The Grand County Council approved providing $195,000 in seed money at their Tuesday, Nov. 7 meeting in order for the Moab Regional Hospital to participate in the Medicaid Disproportionate Share (DSH) payment program.

The hospital needs $247,744 from a government entity to show community support for the regional hospital in order to receive $856,000 in compensation for care provided to low-income patients. The money must be received by the State of Utah by Nov. 30 in order for the hospital to receive the 2012 DSH payment.

The $195,000 will come from the county’s general fund. It will be distributed through the Canyonlands Health Care Special Services District.

Moab Regional Hospital staff and board chair approached both the county and the City of Moab for seed money. The City of Moab have a discussion item on their Nov. 13 agenda to provide a one-time allocation of $80,000 to assist the county in providing seed money for the DSH payments.

If the city approves the $80,000 allocation, the combination of money from both the county and city will total $275,000. This leaves a remainder of $27,256 over the $247,744 necessary for the 2012 payment.

The Moab Regional Hospital now owes $26,825 to the DSH program because it did not submit the full amount of seed money for monies they had received previously. The $27,256 remainder will allow the hospital to pay for the previous debt.

“Our request is simple and straight forward,” said Roy Barraclough, Moab Regional Hospital Chief Executive Officer at the Oct. 2 county council meeting. “We need seed money of $277,000 in order to receive $876,000. Secondly, we need assistance in identifying potential resources to acquire seed money on an annual basis.”

The county council has repeatedly discussed that future allocations may have to come from a sales tax. In order to enact the sales tax, the council would have to agree to put it on the June 2013 ballot. The measure would have to pass by a two-thirds vote by county residents.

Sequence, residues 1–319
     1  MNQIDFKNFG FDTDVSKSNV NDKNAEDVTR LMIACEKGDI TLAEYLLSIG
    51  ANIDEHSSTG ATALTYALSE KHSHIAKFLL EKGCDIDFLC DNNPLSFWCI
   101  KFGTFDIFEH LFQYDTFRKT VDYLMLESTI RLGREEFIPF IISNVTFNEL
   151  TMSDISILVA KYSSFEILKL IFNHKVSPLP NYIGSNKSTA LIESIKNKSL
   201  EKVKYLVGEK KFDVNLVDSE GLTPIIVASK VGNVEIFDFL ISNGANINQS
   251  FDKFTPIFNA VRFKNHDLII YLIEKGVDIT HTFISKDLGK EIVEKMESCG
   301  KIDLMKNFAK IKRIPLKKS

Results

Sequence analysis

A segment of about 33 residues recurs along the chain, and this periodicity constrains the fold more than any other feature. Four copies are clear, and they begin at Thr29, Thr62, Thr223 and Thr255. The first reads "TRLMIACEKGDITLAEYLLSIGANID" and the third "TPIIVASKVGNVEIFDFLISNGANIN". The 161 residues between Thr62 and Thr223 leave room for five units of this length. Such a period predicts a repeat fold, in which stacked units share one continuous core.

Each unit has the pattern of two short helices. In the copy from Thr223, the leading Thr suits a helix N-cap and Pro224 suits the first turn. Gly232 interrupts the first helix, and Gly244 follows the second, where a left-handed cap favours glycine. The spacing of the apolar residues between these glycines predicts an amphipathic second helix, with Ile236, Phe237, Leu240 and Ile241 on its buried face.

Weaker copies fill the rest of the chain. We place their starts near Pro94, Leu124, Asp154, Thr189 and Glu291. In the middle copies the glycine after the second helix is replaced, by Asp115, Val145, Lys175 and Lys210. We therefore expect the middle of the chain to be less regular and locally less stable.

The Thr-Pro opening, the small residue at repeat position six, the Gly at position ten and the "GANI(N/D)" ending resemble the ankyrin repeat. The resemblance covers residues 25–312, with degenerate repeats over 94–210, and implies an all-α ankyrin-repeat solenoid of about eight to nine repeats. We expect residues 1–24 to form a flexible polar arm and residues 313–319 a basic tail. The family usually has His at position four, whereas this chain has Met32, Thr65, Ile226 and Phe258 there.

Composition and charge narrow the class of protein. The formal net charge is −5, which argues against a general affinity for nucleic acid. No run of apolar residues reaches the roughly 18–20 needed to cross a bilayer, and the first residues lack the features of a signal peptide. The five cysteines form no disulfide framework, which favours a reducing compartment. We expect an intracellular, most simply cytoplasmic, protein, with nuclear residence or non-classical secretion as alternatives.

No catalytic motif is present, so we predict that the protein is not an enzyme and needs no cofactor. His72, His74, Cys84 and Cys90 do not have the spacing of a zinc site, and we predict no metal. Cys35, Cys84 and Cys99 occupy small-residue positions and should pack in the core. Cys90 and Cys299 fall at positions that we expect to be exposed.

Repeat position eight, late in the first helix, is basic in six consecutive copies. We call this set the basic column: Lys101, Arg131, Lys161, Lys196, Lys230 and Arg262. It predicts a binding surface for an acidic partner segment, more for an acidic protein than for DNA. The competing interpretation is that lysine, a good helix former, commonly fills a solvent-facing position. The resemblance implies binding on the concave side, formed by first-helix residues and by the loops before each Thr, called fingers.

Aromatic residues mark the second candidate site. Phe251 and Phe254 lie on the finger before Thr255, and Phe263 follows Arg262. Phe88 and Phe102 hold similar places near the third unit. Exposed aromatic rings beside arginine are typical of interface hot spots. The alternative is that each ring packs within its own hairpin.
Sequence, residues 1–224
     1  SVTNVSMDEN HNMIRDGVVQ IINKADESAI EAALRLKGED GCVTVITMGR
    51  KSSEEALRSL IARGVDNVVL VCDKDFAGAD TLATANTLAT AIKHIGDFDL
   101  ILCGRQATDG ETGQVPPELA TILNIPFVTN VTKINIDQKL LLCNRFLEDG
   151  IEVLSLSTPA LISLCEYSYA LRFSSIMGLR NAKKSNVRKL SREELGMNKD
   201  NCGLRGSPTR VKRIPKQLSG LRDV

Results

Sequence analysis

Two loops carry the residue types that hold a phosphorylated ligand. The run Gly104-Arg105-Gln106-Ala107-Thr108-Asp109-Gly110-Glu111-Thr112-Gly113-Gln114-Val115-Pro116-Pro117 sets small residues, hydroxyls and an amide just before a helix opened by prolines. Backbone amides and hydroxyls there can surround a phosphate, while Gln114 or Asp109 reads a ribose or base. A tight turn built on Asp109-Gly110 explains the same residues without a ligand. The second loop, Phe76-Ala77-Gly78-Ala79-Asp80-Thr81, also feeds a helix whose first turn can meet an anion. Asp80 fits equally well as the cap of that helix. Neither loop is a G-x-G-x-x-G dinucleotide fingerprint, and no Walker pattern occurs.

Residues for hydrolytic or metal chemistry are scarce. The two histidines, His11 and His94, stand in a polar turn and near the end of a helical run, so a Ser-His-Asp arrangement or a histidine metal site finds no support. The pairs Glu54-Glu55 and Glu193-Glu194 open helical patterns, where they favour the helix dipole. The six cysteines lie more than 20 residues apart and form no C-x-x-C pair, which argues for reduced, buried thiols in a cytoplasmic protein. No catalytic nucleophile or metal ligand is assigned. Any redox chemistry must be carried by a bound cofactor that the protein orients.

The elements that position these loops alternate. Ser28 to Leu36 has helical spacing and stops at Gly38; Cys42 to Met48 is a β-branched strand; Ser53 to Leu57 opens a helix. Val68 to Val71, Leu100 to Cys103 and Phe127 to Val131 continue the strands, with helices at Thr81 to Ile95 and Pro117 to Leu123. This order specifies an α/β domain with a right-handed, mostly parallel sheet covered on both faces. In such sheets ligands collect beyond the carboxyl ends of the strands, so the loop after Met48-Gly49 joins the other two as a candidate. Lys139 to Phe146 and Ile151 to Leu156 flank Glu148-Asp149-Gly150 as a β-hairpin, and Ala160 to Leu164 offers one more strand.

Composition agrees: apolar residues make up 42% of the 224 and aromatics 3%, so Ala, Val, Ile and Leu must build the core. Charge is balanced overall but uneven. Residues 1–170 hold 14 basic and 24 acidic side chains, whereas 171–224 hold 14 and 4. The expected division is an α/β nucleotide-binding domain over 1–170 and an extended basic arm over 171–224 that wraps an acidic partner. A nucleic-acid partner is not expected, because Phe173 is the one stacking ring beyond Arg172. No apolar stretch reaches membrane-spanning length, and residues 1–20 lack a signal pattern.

“DSH will most likely be procured through sales tax. In order to secure that, you need to make the community comfortable that operations are being repaired and everything is efficiently run at the hospital,” Baird said in the Oct. 2 council meeting.

Moab Regional Hospital is now working with Quorum Intensive Resources (QIR), a healthcare consulting firm, to help the hospital improve its systems and services. Due to insufficient cashflow, the hospital was unable to make payroll and the mortgage payment. The May mortgage payment was made five days after the grace-period ended.

“Housing and Urban Development (HUD) chose to recognize it as a technical default and they began monitoring us very closely,” Barraclough said. HUD provides insurance on the hospital’s $30 million mortgage.

Even if a sales tax is approved by both the council and voters, it will not be able to provide seed money for the 2013 DSH allocation.

The council re-allocated mineral lease distribution at their Oct. 9 council meeting which may double the Canyonlands Health Care Service District’s revenue if mineral lease money distribution remains the same in 2013 as it was in 2012.

Grand County received $1,328,000 from mineral lease, mineral bonus and Payment-in-Lieu of Taxes money in 2012. These monies come from oil, gas and mineral leases and development on federally owned land within Grand County. It varies year-to-year based on the number of active leases and royalties from oil, gas and mineral development.

If mineral lease, bonus and PILT monies remain near the same in 2013 as was distributed in 2012, Canyonlands Health Care District may receive $515,000 in 2013, as compared to $270,000 it received in 2012.

Baird expressed that he hopes the public will approve the sales tax, in order to allow the mineral lease, bonus and PILT money to go to other special service districts in the county.

“If that rural health care tax passes, that money comes back into the pot,” Baird said at the Oct. 9 county council meeting.

Moab Regional Hospital provided $1,164,167 in charity care and had $1,724, 270 in bad debt, which is 11 percent of the overall revenue.

Barraclough feels strongly that the county should step up and provide the seed money, due to the financial losses the hospital has due to charity and bad debt.

“That indigent care would otherwise be the responsibility of the county,” Barraclough said.